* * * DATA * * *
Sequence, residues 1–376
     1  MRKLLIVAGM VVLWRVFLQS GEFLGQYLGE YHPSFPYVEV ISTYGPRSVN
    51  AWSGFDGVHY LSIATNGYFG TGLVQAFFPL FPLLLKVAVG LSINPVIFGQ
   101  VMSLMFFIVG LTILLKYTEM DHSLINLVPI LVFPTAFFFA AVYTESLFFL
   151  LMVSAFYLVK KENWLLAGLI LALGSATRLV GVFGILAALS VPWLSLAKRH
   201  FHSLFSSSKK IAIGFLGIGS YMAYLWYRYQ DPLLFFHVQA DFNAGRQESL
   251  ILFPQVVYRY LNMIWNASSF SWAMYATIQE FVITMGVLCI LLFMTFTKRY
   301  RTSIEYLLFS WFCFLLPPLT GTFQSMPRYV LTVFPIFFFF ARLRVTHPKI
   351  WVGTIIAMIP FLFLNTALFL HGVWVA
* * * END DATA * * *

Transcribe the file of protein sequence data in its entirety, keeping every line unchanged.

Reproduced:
Sequence, residues 1–376
     1  MRKLLIVAGM VVLWRVFLQS GEFLGQYLGE YHPSFPYVEV ISTYGPRSVN
    51  AWSGFDGVHY LSIATNGYFG TGLVQAFFPL FPLLLKVAVG LSINPVIFGQ
   101  VMSLMFFIVG LTILLKYTEM DHSLINLVPI LVFPTAFFFA AVYTESLFFL
   151  LMVSAFYLVK KENWLLAGLI LALGSATRLV GVFGILAALS VPWLSLAKRH
   201  FHSLFSSSKK IAIGFLGIGS YMAYLWYRYQ DPLLFFHVQA DFNAGRQESL
   251  ILFPQVVYRY LNMIWNASSF SWAMYATIQE FVITMGVLCI LLFMTFTKRY
   301  RTSIEYLLFS WFCFLLPPLT GTFQSMPRYV LTVFPIFFFF ARLRVTHPKI
   351  WVGTIIAMIP FLFLNTALFL HGVWVA